As Microsoft is preparing to let game wizards begin working with Project xCloud next week, Phil Spencer has just confirmed that a new Xbox console dedicated to streaming Games is not in process. Speaking to Gamespot, the Xbox chief reiterated that Microsoft was focusing on phones with Project xCloud, ending the rumors about a low-cost "cloud console" that could be launched along with Project Scarlett next year.
"Last year we talked about xCloud and then said we were working on new game consoles, but that was all I said." Spencer clarified: "We did not say that [a streaming console was in the works]. I think some people thought that this was the disk without disk that we just sent. At this moment we are not working on a transmission-only console. We are looking at the phone in your pocket as the destination so you can stream, and the console we have allows you to play the games locally. "
The rumor factory was quite active last year when "Scarlett" was initially said to be the code name of a next-generation Xbox console family. This family was expected to include a high-end console with the code name "Anaconda", a cheaper model with the code name "Lockhart" (which has since been canceled), and Brad Sams mentioned this console in the cloud on Thurrott.com. A month ago, Sams said in a YouTube video that he believed that this console was still working on the cloud.
Well, Spencer made it clear that this "cloud console" does not exist, since Microsoft is now fully focused on Project xCloud for phones and Project Scarlett for console players. Speaking about the next-generation Xbox console, Spencer told Gamespot that the priority of the Xbox team is to improve the gaming experience of the console by delivering high frame rates and short loading times.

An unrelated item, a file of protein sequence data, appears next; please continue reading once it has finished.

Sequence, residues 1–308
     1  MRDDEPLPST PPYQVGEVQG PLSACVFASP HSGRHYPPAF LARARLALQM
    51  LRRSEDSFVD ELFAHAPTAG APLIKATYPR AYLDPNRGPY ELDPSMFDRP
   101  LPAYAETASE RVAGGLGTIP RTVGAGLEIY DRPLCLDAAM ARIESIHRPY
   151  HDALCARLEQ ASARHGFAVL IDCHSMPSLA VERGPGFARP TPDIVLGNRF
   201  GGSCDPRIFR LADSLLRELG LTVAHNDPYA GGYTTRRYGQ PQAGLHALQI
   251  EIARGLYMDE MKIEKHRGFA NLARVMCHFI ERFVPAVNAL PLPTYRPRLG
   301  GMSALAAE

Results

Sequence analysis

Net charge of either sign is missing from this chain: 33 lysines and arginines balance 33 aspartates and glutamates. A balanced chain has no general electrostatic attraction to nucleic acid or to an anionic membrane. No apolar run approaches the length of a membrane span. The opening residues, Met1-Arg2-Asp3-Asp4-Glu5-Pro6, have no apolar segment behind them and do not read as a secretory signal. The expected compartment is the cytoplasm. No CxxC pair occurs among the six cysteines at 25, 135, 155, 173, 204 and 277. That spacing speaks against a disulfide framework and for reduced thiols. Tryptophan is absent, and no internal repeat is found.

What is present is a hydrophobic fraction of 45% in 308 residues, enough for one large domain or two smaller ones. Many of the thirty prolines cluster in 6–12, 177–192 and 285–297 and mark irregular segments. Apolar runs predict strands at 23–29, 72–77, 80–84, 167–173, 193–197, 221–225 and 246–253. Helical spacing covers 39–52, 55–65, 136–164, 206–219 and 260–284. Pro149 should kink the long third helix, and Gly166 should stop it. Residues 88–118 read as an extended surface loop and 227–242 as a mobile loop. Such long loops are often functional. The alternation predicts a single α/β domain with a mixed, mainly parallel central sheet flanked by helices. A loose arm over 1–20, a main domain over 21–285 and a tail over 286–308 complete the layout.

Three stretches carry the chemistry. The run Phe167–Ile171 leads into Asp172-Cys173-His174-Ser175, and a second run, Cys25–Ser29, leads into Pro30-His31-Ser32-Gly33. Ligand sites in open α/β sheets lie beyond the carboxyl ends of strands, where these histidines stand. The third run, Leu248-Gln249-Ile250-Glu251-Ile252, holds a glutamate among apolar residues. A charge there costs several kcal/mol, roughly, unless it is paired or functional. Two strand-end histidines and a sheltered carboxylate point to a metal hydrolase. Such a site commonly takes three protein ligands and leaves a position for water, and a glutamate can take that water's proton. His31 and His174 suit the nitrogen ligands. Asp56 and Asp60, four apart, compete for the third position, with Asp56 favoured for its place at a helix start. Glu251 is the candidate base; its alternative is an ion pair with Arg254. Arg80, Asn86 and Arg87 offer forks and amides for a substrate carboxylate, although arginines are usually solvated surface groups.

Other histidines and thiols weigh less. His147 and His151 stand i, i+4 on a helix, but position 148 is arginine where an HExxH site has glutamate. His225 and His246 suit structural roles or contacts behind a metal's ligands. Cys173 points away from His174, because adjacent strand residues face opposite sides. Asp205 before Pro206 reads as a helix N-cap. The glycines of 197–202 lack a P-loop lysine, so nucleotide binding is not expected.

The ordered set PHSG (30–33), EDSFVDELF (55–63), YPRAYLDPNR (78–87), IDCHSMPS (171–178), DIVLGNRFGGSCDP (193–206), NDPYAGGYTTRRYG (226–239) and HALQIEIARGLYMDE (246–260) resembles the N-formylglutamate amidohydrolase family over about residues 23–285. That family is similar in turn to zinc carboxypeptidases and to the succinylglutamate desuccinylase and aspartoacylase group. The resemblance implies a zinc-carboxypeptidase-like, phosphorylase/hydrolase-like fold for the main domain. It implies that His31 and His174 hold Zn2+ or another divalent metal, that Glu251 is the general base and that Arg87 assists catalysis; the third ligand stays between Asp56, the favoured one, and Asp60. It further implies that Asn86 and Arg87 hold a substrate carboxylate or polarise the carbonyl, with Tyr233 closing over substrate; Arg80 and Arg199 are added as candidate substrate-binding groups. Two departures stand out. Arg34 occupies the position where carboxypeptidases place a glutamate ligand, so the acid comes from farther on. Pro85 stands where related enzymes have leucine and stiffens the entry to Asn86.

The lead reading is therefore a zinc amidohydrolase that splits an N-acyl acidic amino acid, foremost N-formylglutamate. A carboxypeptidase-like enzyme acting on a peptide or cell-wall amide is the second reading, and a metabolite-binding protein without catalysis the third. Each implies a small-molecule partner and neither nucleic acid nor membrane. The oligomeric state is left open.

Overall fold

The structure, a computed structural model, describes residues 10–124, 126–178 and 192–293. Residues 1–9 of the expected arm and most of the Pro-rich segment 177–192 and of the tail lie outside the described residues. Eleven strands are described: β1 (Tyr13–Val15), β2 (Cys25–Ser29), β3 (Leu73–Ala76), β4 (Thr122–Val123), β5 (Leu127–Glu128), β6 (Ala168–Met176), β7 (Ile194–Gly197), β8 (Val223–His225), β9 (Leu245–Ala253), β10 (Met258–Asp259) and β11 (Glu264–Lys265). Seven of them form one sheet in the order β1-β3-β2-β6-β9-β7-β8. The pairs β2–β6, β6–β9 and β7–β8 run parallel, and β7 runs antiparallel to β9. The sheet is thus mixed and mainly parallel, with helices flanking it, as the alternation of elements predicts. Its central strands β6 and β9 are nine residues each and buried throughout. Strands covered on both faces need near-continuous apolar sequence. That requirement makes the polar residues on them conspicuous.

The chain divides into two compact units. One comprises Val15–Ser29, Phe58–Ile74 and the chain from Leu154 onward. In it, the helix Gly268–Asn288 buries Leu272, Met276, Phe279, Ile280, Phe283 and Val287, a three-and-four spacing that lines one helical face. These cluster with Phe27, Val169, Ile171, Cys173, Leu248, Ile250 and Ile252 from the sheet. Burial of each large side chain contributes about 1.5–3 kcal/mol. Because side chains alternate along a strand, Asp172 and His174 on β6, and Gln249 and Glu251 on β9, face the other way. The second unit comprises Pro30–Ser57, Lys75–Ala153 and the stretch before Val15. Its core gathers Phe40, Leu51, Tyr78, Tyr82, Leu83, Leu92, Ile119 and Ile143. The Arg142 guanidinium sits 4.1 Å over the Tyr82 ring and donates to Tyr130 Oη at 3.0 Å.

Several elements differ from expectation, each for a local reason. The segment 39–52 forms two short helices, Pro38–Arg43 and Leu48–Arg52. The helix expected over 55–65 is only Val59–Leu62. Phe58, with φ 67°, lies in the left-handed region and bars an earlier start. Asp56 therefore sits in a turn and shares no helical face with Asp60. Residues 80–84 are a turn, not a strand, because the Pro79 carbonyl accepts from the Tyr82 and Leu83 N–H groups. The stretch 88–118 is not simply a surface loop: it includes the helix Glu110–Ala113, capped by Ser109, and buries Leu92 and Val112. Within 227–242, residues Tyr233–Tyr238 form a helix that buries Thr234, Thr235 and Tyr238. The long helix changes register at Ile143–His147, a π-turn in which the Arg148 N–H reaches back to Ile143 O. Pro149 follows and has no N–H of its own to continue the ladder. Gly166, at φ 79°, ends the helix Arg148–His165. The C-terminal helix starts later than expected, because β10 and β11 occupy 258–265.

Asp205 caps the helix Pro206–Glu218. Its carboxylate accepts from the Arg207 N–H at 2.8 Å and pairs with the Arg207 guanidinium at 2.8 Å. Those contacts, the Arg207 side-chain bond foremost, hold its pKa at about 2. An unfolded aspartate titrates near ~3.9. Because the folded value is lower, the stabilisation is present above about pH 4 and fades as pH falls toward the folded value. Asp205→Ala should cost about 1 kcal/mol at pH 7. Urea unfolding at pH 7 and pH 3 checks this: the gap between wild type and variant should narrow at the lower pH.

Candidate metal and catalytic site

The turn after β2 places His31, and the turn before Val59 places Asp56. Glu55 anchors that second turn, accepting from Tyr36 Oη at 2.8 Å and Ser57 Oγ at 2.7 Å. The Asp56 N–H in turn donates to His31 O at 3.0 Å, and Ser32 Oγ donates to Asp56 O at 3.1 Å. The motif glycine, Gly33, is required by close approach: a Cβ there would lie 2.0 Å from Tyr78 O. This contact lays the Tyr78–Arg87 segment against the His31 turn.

"I think the area we really want to focus on" the next generation is the frame rate and gameplay of games, "Spencer said." Ensure that games load incredibly fast, ensuring that the game runs at the highest possible frame rate. We are also the Windows company, so we see the work being done on the PC [for] and the work the developers are doing. People love 60-frame games per second, so to make the games run at 4K 60 [FPS] I think it will be a true design goal for us. ”
After the mixed reception that the Xbox One S All Digital Edition received before this year and general skepticism about Project xCloud and Google Stadia, Microsoft is probably right to focus on the Scarlett Project, while leaving xCloud has a "nice to have" option for mobile players iles Google has chosen a different path with Stadia, which will be available on PC with the Chrome browser and televisions with a Google Chromecast Ultra device, in addition to certain Pixel smartphones. It's still early for video game streaming, and Microsoft probably won't want to repeat the terrible Xbox One release of 2013 when an excessive focus on Kinect and TV introduces disappointed players looking for a traditional game console.
Additional readings: Project xCloud, Xbox